Corazon Flamenco: Keeping the flamenco flame alive, one dance at a time

(dance review)

By Michael Huebner
on October 20, 2013 at 1:30 PM, updated October 20, 2013 at 1:31 PM
BIRMINGHAM, Alabama -- Flamenco, its influences, spectacle and origins, were center stage Saturday at  Virginia Samford Theatre, as Corazon Flamenco traced “The Art of the Gypsies.”

Company director Irene Rimer gathered family, friends and artists from Birmingham and far beyond to tell the story of the art form that has consumed so much of her life. As the program's title, “Universal Flamenco,” suggested, the dance and music that originated in 18th century Andalusia has evolved to become the world's property. The titled also mirrored Rimer's
recently published method book on the subject, which was dedicated to her father, who was in attendance.
CORAZON FLAMENCO: "Universal Flamenco: The Art of the Gypsies"

With Tango Elegante, Devyani Dance Company, Aziza of Birmingham, guest artists

Saturday, Virginia Samford Theatre



To illustrate in dance, the program started out with Tango Elegante, a group of five couples dipping, sliding, backbending and turning to the syncopations of Argentine tango music. Connecting to Flamenco's Middle Eastern origins, belly dancers from Devyani Dance Company bared midriffs and swayed sensually while clanging hand percussion in rhythm. Eight members of Aziza of Birmingham, twirling bright shawls, captured the joy of belly dance in formation. Each brought similarity and contrast to modern flamenco.


The main show unfolded as a two-part catalog of flamenco music and dance – Sevillanas, Farruca, Alegrias, Siguiriyas and the like. Most of the virtuosity came in the second part. Exquisite guitar solos from Roberto Verdi and Tony Arnold were interspersed among Spanish songs, sung by Antonio Cabello, Lucia, of Valdemar and Lucia, and Rimer herself.

Among the standouts were Cathy de Sol's “Solea,” a pounding tour de force done in a bright red gown, the dancer's stern looks and lightning-speed heel-to-toe rhythms reaching to the essence of flamenco dance. Rimer's “Tientos” matched de Sol's virtuosity stomp for stomp, movement for movement, making clear the loyalty she has garnered in her seven years as Corazon Flamenco's leader.

But flamenco isn't all stomping and attitude. Juan Torres displayed grand lyricism and elegance in a classic “Alegrias.” Victoria Langdon's demure demeanor turned to fancy footwork in the Cuban “Guajiras,” an example of flamenco diaspora.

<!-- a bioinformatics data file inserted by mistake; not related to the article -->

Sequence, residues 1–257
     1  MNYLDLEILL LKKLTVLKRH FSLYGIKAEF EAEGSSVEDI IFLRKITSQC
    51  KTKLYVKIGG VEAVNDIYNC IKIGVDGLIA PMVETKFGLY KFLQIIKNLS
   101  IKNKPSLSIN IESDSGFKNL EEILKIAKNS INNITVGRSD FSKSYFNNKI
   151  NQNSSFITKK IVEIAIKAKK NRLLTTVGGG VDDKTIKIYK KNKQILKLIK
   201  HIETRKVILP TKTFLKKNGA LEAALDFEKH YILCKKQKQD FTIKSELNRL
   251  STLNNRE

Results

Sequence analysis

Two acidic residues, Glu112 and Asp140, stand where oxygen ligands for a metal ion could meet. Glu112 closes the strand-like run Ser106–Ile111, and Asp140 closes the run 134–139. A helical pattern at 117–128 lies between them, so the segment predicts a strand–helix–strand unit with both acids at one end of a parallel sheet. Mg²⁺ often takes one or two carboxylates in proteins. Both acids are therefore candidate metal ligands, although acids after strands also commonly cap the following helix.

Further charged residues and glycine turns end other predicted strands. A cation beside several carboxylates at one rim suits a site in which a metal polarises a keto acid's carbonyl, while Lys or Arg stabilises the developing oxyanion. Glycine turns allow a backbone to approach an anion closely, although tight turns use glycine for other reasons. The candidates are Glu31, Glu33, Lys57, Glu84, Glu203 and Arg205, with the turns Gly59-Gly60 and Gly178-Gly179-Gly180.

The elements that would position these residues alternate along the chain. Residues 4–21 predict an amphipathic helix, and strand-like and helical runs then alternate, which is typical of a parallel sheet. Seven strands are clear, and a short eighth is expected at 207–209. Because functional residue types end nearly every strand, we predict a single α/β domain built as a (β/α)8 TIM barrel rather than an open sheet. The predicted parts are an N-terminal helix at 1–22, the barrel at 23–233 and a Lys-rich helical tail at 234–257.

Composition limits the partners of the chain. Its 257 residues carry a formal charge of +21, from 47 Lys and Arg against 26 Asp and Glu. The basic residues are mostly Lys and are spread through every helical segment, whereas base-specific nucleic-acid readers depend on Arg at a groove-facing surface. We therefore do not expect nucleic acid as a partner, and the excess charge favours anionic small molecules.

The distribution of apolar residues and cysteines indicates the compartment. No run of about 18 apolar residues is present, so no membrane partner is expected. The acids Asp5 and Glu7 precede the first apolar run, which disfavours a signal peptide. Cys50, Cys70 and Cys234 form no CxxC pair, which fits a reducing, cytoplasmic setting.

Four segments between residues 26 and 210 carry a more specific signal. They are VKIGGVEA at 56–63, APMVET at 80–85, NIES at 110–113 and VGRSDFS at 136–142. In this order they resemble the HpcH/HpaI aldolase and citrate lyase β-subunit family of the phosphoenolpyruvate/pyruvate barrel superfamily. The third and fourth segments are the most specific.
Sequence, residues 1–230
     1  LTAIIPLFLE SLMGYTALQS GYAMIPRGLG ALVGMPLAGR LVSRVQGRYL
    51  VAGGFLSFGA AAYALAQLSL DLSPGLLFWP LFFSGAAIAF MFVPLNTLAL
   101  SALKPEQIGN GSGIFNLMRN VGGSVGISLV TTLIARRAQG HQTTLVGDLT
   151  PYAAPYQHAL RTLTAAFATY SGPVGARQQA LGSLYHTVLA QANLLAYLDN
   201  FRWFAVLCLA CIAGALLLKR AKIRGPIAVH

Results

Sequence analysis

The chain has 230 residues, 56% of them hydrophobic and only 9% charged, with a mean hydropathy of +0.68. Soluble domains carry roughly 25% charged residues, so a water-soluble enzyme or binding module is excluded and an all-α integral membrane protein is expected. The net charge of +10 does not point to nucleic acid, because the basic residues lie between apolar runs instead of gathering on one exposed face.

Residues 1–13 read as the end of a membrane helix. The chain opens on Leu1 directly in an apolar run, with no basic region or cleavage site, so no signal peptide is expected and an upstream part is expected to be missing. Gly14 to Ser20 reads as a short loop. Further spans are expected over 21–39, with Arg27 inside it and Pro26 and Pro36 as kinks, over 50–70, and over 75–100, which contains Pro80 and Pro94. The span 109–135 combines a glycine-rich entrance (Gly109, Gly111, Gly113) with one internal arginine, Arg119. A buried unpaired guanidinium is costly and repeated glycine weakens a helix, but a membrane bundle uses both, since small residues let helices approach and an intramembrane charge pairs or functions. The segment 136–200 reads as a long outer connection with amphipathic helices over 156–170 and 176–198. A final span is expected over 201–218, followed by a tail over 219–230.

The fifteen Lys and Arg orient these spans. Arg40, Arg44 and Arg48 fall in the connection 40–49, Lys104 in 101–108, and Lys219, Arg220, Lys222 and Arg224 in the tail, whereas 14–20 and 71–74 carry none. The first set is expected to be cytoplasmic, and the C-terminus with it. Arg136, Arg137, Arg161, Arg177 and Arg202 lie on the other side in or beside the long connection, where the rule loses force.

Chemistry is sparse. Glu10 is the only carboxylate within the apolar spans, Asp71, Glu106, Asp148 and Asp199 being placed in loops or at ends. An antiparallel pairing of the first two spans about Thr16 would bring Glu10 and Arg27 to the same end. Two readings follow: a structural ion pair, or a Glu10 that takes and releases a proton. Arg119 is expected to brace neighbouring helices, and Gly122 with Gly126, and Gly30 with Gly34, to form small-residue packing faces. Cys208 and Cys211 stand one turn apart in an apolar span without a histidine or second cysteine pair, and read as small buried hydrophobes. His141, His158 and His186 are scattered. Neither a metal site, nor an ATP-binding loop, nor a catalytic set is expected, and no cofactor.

The quick-paced “Bulerias,” danced by the entire ensemble, brought the concerto to a rousing, uplifting close.

Flamenco's rich history, technique, diaspora and beauty were vividly displayed at this event. Rimer's efforts have added vibrancy to Birmingham's growing cultural diversity, and she should be applauded for that.

Birmingham troupe Corazon Flamenco stomps and twirls in steamy 'El Amor Brujo'

Published: Sunday, September 27, 2009, 11:54 AM     Updated: Sunday, September 27, 2009, 12:51 PM

Based roughly on the ballet of the same title by Manuel de Falla, it contains snatches of recorded orchestral music and narrative dialogue to push the action along. Rimer's brilliant choreography served the drama well, but spoken exchanges were weak. Scenes such as Jose's murder and a meeting with a witch were stilted and needed more coaching. They were rescued only by the dance numbers that followed. Scene changes, some with awkward silence and darkness, needed tightening.

Guitarist and singer Marija Temo impressed on several occasions as she heightened the action and filled interludes. A classical guitarist and orchestral soloist as well as a flamenco expert, Temo possesses immaculate technique and an expressive, penetrating voice. Her accompaniments of Rimer's dance solos were the most memorable parts of the show. Guitarist Tony Arnold, also a paleontology professor at Florida State University, contributed some beautiful solos and duets.